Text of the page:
Small-scale Hydropower – More Than Just Energy

In 2010, the German government supported the construction of a small-scale hydropower plant in the village of Farghambol in the northern Afghan province of Badakhshan. The plant, which has a capacity of 280 kilowatts, supplies energy to 20,000 people. Its impact has been life-changing.

The residents now have access not only to electricity for lighting, refrigeration, televisions, radios and electrically powered machinery, but also to a reliable water supply. The overflow from the plant is channelled to the village, where it is used to irrigate fields, gardens and fruit trees. Before 2010, there were neither gardens nor trees in Farghambol. Residents were required to carry water from the river to their houses on foot, and were unable to collect enough to water crops.

With irrigation no longer a problem in 2011, Saeed Rahim decided to realise his dream of planting an orchard and woodland. Together with his brother Qader Khan, he planted 91 fruit trees and 730 timber trees on his 1,200 m(0.6 jeribs) plot. He was delighted with the results: ‘It has been fantastic to watch the trees grow and thrive, so in  2014 I established three further tree plantations, covering a total of 1,600 m2 (0.8 jeribs). Our soil is very fertile and the trees are developing very well even without fertiliser.’ Alongside his tree plantations, Rahim has also begun growing tomatoes on a 140 m2 (0.07 jeribs) plot, which are also providing a bountiful harvest.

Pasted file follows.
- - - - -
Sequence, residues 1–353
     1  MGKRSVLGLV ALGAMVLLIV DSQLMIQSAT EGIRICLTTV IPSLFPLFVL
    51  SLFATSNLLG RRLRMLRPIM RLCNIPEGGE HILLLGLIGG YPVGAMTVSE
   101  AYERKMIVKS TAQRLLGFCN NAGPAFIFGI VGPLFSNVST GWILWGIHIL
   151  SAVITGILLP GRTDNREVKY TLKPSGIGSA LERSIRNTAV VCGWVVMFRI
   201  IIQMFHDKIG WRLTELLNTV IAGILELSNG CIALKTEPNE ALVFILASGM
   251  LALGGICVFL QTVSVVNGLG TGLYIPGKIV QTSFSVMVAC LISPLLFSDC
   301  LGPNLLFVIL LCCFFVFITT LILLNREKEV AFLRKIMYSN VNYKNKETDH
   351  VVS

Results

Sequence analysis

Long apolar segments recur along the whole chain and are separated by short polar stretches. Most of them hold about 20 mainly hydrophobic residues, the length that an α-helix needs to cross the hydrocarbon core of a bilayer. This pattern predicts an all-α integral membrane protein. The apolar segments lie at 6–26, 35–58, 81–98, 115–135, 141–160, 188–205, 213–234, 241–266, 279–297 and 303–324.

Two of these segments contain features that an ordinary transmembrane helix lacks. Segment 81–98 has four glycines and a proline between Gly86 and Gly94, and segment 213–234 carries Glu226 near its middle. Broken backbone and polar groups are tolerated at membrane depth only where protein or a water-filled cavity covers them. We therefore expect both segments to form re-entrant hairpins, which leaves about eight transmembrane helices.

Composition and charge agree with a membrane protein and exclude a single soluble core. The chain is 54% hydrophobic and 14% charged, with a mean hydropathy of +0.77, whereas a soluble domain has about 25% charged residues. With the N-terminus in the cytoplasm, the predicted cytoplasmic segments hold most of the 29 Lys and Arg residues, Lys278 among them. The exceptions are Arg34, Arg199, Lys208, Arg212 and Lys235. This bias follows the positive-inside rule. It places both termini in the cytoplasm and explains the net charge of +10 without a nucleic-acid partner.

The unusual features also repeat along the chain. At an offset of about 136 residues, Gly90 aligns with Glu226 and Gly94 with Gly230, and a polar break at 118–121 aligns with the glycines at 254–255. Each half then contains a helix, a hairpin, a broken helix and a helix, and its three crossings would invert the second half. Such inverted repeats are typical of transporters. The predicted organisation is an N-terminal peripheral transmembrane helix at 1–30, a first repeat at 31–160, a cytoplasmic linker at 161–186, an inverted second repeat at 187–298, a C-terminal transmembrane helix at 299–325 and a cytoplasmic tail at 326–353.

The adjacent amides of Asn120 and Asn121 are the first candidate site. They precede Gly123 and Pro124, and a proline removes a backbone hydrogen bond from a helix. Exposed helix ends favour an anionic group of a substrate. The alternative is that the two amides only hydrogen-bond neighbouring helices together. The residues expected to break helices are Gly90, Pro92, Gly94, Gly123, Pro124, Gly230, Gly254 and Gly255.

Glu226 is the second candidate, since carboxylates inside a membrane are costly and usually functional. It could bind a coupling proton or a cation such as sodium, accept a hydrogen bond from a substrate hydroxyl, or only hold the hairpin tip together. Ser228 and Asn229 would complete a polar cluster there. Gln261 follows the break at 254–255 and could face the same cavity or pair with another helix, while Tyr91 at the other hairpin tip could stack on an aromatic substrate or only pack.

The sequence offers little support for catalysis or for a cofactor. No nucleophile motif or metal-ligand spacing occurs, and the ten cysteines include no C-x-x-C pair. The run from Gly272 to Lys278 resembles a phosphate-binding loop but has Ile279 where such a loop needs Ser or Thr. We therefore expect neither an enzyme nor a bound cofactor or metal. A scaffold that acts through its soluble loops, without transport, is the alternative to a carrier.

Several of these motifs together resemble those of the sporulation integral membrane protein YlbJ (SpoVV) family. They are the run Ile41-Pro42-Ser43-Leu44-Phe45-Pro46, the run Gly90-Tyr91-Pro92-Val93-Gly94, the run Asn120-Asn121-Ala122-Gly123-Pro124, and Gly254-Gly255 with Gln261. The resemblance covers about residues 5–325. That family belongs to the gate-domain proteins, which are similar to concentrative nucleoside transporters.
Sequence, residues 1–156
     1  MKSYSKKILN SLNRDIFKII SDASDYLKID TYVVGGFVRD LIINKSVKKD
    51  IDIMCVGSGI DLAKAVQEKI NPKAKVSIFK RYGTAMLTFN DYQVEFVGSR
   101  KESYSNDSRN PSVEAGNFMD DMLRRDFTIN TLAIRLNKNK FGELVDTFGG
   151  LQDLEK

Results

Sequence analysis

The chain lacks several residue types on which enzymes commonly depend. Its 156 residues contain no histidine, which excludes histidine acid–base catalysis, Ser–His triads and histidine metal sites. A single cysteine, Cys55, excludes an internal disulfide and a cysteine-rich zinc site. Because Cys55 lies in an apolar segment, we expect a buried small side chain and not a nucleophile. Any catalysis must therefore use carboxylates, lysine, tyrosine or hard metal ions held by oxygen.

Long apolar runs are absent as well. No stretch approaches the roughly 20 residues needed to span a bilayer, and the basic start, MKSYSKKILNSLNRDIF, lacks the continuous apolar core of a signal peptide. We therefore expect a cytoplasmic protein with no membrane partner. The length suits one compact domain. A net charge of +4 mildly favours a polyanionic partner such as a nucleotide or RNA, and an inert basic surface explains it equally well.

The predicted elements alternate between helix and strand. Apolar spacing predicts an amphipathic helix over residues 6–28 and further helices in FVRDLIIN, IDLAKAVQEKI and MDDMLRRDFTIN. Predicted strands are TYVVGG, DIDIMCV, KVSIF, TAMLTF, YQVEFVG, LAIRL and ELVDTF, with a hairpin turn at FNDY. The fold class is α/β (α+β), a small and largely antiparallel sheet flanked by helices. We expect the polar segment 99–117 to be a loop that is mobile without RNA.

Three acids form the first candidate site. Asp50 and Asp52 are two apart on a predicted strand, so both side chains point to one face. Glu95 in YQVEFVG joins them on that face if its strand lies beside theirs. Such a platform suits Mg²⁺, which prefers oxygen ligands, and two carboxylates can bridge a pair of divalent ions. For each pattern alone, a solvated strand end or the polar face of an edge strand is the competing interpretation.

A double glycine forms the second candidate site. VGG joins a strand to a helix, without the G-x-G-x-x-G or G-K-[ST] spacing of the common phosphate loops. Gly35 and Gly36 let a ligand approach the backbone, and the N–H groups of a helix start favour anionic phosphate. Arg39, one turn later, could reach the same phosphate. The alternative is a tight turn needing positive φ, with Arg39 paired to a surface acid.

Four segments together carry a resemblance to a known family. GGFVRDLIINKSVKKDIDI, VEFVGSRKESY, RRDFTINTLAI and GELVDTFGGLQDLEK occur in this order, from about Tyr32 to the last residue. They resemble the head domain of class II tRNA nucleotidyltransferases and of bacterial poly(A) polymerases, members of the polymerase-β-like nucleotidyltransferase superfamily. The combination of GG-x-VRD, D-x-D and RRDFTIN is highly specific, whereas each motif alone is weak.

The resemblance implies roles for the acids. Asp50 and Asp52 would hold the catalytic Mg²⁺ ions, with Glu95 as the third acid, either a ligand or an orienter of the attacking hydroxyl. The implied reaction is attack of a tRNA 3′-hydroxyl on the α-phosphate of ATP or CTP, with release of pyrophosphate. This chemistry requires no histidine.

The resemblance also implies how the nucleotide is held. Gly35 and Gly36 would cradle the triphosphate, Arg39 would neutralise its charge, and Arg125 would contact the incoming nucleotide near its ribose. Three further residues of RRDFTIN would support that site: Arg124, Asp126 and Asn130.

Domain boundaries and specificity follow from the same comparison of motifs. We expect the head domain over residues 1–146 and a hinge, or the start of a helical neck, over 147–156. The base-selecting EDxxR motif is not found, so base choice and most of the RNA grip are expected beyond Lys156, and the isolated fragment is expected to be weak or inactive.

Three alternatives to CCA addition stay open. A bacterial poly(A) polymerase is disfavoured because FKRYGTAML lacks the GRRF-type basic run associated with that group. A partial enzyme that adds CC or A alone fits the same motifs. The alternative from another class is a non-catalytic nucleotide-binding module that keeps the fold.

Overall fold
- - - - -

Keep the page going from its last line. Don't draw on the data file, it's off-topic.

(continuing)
Fruit, vegetables and wood are now a stable source of income in Farghambol. Logging has been made illegal in the surrounding mountains and fruit is a much sought-after commodity. More and more local people, including residents of neighbouring villages, have recognised the potential of afforestation. Rahim is understandably very happy with the way the project has gone: ‘In the past, the land was fallow and it was impossible to grow trees or crops, except poppies in some areas. Today there are gardens and trees as far as the eye can see. The villagers are all proud of this transformation and are grateful to the small-scale hydropower plant for making it possible.’

For Khan, the availability of water is not the only factor driving the positive developments in the village: ‘Like many other families, we bought a television after we were connected to the electricity supply. In spring in particular, lots of channels broadcast reports about reforestation. By watching various programmes on the subject, we learned about the benefits of fruit growing and the positive environmental effects of planting trees. That was what gave me and many others the motivation and confidence to start growing trees for fruit and timber.’

The success of the project has not gone unnoticed. On the villagers’ initiative, the United Nations World Food Programme has agreed to support the construction of an irrigation canal via a Food for Work programme. This will transport water from the plant overflow to three neighbouring villages whose residents have so far not been able to irrigate their crops.

Rahim looks proudly across his plantation: ‘Our landscape is changing and becoming greener. We are developing stable, legal livelihoods for ourselves and generating income. We are now reaping the rewards of this endeavour, and our children will benefit even more.’

Our landscape is changing and becoming greener.
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